PRESIDENT Robert Mugabe has taken steps to reassert his grip on fractious Zanu PF after the endorsement of constitutional amendments giving him powers to handpick his deputies, national chairperson and members of the politburo.
Politburo insiders said a cocktail of amendments, which include empowering the president to appoint his deputies, reduce the size of the politburo from 64 to 25 members and its committees from 18 to five, as well as scrap a clause that one of the vice-presidents should be a woman, and increasing the central committee from 245 to 300 members, were endorsed at a Wednesday politburo meeting.
The amendments now await ratification by the central committee — the party’s supreme decision-making body in between congresses — next week.
“The president can now appoint the whole presidium while a clause which forced him to appoint a woman in the presidium has also been removed,” said a senior politburo member.
“All deputies will no longer be part of the politburo but will sit in the central committee because only 25 substantive members will constitute the politburo, down from the current 64,” said the source adding: “Appointments by the president will not be based on seniority or hierarchy but merit.”
Another source said other amendments include increasing the number of members of the central committee from 245 to 300.
Currently, the two vice-presidents and the national chairperson are elected at congress after every five years.
Another politburo member aligned to Justice minister Emmerson Mnangagwa’s faction said the proposed amendment on the politburo will see massive purges of Vice-President Joice Mujuru’s allies already removed from the new central committee.
“Most deputies and committee members were Mujuru’s allies and that is the reason why most of the time they prevailed in the politburo.”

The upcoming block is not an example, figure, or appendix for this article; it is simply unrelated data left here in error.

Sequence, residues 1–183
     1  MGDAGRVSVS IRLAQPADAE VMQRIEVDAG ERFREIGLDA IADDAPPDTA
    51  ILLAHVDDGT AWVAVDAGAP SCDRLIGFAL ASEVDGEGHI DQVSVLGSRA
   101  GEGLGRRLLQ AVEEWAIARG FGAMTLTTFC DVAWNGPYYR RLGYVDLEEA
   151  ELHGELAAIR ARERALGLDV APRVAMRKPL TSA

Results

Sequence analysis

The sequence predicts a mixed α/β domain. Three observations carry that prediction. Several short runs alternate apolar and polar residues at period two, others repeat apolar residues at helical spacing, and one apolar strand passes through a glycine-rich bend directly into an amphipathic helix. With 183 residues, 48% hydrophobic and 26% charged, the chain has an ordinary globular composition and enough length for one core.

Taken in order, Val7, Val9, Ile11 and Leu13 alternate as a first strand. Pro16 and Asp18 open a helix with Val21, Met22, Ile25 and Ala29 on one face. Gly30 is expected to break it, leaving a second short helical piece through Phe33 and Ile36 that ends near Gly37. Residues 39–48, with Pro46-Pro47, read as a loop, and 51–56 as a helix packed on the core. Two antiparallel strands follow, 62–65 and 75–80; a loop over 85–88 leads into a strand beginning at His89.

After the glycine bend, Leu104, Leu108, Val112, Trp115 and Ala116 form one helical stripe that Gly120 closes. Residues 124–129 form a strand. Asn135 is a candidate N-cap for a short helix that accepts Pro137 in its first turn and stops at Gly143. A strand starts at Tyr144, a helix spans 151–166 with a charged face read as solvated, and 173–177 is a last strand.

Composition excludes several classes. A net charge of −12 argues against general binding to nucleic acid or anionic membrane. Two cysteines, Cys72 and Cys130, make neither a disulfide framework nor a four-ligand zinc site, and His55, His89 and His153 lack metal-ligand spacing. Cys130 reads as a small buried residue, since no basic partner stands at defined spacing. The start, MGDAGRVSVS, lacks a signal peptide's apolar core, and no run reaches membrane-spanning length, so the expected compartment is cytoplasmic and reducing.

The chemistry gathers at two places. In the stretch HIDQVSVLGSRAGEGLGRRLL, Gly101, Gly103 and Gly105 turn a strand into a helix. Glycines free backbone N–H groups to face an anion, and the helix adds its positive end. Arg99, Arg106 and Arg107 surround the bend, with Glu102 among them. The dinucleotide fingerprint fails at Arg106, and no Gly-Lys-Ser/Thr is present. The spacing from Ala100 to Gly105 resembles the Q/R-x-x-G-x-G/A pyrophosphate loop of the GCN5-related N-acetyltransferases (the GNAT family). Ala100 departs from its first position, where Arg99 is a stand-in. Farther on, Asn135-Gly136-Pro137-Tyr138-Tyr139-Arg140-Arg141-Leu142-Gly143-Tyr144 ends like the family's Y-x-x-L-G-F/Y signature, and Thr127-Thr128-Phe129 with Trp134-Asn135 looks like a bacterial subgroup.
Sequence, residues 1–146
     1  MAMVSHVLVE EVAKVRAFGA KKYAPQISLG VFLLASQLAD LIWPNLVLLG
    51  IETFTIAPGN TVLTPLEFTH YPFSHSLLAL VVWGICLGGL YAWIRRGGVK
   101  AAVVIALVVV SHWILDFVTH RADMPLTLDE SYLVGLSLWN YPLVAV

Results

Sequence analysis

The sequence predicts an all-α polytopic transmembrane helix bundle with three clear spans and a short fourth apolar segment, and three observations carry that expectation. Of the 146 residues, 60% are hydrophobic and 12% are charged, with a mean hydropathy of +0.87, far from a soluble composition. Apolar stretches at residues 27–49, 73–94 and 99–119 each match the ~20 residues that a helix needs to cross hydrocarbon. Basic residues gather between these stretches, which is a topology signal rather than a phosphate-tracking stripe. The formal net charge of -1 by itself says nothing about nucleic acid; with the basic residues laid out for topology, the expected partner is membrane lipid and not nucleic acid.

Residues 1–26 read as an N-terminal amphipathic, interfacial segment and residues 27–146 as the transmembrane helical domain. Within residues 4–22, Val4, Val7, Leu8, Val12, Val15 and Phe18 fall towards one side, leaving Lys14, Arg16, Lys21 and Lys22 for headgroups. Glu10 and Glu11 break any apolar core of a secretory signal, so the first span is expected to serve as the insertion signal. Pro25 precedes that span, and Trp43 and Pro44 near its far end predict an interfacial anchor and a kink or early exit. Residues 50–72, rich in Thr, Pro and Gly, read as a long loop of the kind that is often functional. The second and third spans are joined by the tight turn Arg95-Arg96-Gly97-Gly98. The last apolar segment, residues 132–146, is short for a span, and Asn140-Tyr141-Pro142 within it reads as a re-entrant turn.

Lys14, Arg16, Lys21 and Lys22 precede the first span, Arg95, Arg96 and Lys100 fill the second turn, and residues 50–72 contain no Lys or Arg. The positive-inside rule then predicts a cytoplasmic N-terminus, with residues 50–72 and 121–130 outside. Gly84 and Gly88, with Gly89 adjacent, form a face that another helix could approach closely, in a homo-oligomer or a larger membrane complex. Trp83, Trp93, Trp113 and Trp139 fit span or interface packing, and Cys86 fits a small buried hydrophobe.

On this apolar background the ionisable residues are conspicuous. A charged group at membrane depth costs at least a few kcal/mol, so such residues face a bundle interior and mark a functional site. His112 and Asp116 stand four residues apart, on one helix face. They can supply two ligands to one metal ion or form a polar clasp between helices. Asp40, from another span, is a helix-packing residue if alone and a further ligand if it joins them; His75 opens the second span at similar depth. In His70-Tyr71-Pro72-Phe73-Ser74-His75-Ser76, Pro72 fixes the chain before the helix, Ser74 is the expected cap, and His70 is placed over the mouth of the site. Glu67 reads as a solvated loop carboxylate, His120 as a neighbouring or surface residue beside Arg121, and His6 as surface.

Zanu PF sources also said the repealing of the clause which states that one vice-president should be a woman further sealed Mujuru’s fate as she was appointed based on that clause. “In 2004 Mnangagwa, then secretary for administration and eying the vice-presidency, was forced to amend the constitution to accommodate Mujuru into the presidium. That section has been removed and her fate is all but sealed. Mnangagwa is now quite certain to land the vice-presidency,” said another official.
Those who back the amendments, mostly in the Mnangagwa faction, say the changes are meant to create one centre of power in the president and tame factionalism amid allegations that Mujuru wanted to topple Mugabe.
But party officials aligned to the Mujuru faction say the amendments are crafted to deal with Mujuru, who, among other charges, is accused of incompetence, extortion, corruption, abuse of office, fanning factionalism and treason.
“The amendments are manipulative and they are meant to deal with Mujuru who was an obvious successor to Mugabe,” a senior Zanu PF senior official said.
“Congress has been dealt a massive blow and reduced to an assembly where people will gather to hero-worship Mugabe without meaningful debate and serious resolutions adopted,” the official added.
Suspended party spokesperson Rugare Gumbo said the congress would be a “sham” as it would be run by “illegal structures” because all the suspended chairpersons have not yet been replaced by elected individuals.
“Interim chairpersons cannot run a congress. That is illegal and even all those suspensions are illegal because they are unconstitutional,” Gumbo said.
“It is subversion of the will of the people who voted those chairpersons into those positions. The suspensions remain illegal and a clear manipulation of the party structures.”